Jan. 18, 2009 -- The perception that racism is a major problem in American society has dropped sharply from a decade ago. Yet 45 years after Martin Luther King's "I Have a Dream" speech, and on the eve of Barack Obama's historic inauguration, many black Americans still report personal experiences of racism – underscoring the challenges in race relations that remain.
Twenty-six percent of Americans call racism a "big problem" in the United States, half what it was, 54 percent, in a 1996 poll, and down sharply among blacks and whites alike. At the same time, barely over one in three say blacks have in fact achieved racial equality, the goal King expressed in a speech at the Lincoln Memorial on Aug. 28, 1963.
Blacks, moreover, remain twice as likely as whites to call racism a big problem (44 percent vs. 22 percent), and only half as likely to say African-Americans have achieved equality. A key reason: Three-quarters of blacks in this ABC News/Washington Post poll personally have experienced racial discrimination. Far fewer whites, but still 30 percent, say the same; it rises to 68 percent of other non-whites.
For African-Americans those experiences include so-called "shopping while black" and "driving while black": In the most common one, 60 percent have felt that a storekeeper or shop clerk was trying to make them feel unwelcome solely because of their race.
Thirty-seven percent also say they've been stopped by the police because of their race. Thirty-five percent say they've been denied a job because of their race; 20 percent, denied housing. Others say these have occurred to a family member or friend.
In all, 74 percent of blacks report personal experience of discrimination in at least one of these areas; 44 percent, in two or more of them. And these experiences are more prevalent among blacks than they are among other non-white Americans.
Tomorrow, the day after Martin Luther King Day, Obama will become the nation's first African-American president, taking the oath of office on the Bible used by Abraham Lincoln at his inauguration in 1861. Among other expectations, an ABC poll earlier this month found that 58 percent of Americans think Obama will improve race relations.
DISCONNECT – In addition to the experience of racism, there's a disconnect between blacks and whites in the perception of racial equality within their own community. Large majorities of whites think blacks in their area receive equal treatment in housing, hiring, shopping and criminal justice. Far fewer blacks say the same.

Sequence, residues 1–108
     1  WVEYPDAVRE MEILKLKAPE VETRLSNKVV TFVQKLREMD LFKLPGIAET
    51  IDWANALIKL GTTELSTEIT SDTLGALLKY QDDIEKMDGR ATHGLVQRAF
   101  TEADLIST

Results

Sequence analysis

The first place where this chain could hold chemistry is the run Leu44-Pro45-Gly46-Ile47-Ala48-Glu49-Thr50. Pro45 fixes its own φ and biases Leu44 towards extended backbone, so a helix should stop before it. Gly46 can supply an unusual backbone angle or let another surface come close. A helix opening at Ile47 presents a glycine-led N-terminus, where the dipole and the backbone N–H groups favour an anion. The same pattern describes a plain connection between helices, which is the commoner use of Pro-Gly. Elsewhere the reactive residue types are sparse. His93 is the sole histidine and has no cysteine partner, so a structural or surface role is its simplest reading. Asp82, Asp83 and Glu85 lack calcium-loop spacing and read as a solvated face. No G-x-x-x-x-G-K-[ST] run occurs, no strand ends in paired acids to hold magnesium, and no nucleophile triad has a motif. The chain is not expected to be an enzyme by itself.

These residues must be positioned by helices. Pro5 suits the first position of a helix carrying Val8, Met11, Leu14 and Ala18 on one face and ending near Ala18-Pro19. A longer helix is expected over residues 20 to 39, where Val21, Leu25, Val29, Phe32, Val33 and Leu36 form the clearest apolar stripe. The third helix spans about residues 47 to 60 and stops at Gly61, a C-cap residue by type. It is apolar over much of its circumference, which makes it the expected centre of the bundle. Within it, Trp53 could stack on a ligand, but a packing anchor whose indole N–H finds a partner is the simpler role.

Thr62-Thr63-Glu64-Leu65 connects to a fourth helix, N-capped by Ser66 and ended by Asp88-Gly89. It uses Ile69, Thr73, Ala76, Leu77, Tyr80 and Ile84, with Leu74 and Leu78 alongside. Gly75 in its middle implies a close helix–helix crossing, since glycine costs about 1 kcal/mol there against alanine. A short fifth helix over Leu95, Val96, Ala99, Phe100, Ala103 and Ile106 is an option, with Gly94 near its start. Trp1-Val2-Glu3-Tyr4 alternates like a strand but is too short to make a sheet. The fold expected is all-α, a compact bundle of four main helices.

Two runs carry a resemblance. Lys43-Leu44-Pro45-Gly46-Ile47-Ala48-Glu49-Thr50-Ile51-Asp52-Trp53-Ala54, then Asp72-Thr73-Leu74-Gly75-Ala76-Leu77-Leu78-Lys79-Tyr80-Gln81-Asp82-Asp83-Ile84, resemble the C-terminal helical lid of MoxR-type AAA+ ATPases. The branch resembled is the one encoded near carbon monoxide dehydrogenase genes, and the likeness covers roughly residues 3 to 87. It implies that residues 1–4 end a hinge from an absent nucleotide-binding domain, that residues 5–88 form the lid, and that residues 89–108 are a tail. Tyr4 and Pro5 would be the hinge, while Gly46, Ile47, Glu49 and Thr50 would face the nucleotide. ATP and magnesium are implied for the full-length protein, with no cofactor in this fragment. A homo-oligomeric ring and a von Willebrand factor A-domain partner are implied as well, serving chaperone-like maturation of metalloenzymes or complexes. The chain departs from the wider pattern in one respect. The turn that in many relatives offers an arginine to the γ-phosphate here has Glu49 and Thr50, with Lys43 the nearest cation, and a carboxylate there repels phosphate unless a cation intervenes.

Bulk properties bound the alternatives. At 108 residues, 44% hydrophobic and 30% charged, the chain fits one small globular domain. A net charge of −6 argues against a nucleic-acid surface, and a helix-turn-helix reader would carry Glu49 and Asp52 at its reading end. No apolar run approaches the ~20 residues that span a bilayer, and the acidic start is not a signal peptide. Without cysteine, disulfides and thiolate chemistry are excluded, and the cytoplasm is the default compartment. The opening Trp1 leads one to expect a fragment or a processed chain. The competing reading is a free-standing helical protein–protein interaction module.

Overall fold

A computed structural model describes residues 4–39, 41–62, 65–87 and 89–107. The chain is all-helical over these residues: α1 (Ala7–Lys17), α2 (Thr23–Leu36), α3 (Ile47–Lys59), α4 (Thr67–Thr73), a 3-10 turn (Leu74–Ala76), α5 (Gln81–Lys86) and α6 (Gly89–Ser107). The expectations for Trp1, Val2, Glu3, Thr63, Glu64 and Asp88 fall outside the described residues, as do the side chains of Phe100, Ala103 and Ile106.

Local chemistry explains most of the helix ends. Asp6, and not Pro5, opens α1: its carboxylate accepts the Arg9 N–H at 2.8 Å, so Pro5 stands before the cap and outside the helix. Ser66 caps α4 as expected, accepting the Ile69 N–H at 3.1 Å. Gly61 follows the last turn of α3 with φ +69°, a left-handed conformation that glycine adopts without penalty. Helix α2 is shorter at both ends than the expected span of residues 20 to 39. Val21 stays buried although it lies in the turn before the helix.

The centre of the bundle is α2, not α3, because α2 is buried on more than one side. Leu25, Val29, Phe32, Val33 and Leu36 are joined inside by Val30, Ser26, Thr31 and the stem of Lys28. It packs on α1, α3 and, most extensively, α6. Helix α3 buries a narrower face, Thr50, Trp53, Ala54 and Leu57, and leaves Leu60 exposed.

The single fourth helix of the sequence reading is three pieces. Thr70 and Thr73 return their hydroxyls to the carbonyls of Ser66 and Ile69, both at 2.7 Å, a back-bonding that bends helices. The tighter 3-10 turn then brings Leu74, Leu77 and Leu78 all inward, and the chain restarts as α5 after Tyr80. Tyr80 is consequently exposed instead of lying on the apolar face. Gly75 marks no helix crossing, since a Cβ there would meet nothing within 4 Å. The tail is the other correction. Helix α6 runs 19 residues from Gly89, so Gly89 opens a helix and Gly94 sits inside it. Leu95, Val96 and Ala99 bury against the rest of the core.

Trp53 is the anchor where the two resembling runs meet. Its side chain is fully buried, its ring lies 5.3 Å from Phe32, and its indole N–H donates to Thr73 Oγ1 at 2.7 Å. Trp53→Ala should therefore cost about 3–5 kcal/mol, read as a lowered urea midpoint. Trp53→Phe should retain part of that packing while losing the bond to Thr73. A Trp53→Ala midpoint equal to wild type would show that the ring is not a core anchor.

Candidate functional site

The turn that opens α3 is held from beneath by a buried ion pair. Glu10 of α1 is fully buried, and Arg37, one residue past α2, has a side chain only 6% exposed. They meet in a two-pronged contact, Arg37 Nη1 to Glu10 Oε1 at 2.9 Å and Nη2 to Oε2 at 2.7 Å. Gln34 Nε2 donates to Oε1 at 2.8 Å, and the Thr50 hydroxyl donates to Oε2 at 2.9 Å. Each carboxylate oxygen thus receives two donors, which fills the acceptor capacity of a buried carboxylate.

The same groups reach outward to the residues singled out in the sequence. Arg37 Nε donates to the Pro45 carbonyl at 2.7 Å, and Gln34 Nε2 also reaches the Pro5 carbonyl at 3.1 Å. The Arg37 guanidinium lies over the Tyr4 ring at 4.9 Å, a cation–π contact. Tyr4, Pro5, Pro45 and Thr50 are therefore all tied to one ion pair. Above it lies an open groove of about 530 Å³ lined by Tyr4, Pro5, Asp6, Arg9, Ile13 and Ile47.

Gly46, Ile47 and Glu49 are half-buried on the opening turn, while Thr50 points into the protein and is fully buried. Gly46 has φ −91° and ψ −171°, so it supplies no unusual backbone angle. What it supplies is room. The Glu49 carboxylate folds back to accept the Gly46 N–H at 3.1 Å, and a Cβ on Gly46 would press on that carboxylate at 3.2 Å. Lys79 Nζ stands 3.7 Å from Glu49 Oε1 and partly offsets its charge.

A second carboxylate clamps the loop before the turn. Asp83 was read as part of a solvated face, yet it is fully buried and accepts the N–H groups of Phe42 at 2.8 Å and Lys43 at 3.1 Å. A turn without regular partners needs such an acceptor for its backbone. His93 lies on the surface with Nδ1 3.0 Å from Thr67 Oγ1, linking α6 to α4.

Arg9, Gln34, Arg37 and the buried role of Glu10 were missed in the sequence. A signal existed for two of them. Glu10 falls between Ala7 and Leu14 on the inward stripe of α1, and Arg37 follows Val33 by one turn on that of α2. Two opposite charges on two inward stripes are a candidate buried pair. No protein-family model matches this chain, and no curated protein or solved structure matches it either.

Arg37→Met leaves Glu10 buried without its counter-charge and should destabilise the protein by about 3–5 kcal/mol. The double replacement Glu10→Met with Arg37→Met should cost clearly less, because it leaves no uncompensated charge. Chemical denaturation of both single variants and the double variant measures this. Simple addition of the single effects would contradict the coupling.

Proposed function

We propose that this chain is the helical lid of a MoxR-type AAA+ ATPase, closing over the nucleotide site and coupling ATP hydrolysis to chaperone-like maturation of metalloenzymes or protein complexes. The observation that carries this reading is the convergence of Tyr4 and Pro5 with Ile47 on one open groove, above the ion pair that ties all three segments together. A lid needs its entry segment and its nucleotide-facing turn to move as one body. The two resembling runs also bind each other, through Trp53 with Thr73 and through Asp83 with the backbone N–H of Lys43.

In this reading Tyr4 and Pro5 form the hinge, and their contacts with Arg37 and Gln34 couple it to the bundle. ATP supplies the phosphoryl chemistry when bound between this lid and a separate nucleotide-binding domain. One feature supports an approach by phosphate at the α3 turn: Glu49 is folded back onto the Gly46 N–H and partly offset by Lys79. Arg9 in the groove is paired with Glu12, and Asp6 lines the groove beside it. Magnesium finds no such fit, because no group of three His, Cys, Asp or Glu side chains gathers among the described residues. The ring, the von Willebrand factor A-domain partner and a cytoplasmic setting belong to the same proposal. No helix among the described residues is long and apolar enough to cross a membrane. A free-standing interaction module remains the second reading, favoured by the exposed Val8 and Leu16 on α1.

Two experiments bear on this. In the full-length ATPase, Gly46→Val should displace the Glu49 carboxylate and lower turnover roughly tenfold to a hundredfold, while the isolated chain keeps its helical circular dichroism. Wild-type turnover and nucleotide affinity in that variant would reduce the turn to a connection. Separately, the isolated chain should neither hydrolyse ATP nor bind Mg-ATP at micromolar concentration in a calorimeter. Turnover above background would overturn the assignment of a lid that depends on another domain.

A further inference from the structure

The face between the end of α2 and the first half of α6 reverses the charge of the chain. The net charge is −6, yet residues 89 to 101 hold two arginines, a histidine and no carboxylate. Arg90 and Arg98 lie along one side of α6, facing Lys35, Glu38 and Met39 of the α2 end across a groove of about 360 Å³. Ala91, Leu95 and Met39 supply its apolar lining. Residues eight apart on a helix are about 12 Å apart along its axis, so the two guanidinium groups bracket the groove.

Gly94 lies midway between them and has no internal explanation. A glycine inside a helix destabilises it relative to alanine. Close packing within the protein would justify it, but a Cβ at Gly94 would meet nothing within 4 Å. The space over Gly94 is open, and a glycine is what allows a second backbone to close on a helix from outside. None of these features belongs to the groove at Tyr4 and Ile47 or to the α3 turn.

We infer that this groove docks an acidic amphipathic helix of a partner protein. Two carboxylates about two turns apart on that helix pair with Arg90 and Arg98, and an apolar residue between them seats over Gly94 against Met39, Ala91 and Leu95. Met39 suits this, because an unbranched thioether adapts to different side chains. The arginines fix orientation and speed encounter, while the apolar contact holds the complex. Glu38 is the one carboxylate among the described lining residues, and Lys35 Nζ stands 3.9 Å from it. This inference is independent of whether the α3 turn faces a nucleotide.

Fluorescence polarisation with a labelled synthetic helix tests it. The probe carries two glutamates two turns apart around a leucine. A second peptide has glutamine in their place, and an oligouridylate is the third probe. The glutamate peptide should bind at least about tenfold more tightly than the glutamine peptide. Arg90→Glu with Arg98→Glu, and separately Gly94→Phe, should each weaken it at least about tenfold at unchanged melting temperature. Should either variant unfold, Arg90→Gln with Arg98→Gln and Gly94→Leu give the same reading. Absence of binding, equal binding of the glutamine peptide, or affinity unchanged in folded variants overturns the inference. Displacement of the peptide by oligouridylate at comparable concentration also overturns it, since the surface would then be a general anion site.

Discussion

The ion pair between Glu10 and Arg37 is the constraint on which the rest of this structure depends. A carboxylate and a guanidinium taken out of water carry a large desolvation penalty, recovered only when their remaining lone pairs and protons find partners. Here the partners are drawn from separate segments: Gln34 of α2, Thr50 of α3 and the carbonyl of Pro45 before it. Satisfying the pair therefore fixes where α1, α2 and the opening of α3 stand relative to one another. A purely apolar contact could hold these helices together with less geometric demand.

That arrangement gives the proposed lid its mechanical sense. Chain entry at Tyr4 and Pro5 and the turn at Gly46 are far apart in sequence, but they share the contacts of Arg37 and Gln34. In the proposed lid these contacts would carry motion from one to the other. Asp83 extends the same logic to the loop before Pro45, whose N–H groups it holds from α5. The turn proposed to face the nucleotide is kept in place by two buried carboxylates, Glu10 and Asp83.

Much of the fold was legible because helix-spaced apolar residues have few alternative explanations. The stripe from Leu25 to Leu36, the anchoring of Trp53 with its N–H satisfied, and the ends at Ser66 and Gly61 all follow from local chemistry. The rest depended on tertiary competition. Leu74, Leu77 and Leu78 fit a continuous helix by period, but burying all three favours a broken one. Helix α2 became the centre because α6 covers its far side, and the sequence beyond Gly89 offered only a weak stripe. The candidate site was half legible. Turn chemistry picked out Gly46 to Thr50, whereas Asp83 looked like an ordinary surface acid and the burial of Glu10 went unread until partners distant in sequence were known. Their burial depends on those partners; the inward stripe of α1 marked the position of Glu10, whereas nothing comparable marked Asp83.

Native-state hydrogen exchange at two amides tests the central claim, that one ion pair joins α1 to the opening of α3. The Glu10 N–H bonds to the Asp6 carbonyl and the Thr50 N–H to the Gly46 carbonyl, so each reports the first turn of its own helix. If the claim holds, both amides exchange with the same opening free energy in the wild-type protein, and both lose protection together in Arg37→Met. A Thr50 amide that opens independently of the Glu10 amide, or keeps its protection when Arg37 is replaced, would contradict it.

The gaps are vast: In hiring, 83 percent of whites think blacks in their area have an equal chance to get a job for which they're qualified; just 38 percent of blacks agree. Eighty-one percent of whites see equal opportunity in housing; that drops to 47 percent of blacks. In shopping, again 83 percent of whites see equal treatment, vs. 44 percent of blacks.
When it comes to criminal justice, substantially fewer whites – 60 percent – say blacks in their community receive equal treatment by the police. But the fewest blacks – only 22 percent – share that view.
Using the negative results, 76 percent of blacks say African-Americans in their community are denied equal treatment by the police, 60 percent say they lack equal hiring opportunities, 54 percent say they're not treated equally by retailers and half say they lack equal treatment in housing.
Perceptions of racial discrimination, naturally, spike among blacks who've personally experienced it, particularly if they've experienced it in multiple areas. These African-Americans are much more likely to say racism is a big problem, to think blacks in their community are subject to racism and to be skeptical that blacks will achieve equality.
EQUALITY – There are positive views: While just 35 percent of Americans believe blacks have achieved racial equality, an additional 38 percent think they will achieve it soon – a total of 73 percent. (Most of the rest think it'll happen, but not in their lifetime.)
Among blacks only, moreover, a total of 56 percent think they have achieved equality or will soon – 20 and 36 percent, respectively. And just 18 percent think it'll never happen.
Moreover, in the ABC poll earlier this month, 55 percent of blacks said Obama's election made them more proud to be an American. And 65 percent of all Americans, equal numbers of blacks and whites alike, saw his election as a sign of progress for all blacks – a road signposted by the achievements of Lincoln, King and now by Obama.
METHODOLOGY – This ABC News/Washington Post poll was conducted by telephone Jan. 13-16, 2009, among a random national sample of 1,079 adults, including landline and cell-only respondents, with an oversample of African-Americans (weighted to their correct share of the population) for a total of 204 black respondents. Results for the full sample have a 3-point error margin; for blacks, 7 points. Click here for a detailed description of sampling error. Sampling, data collection and tabulation by TNS of Horsham, PA.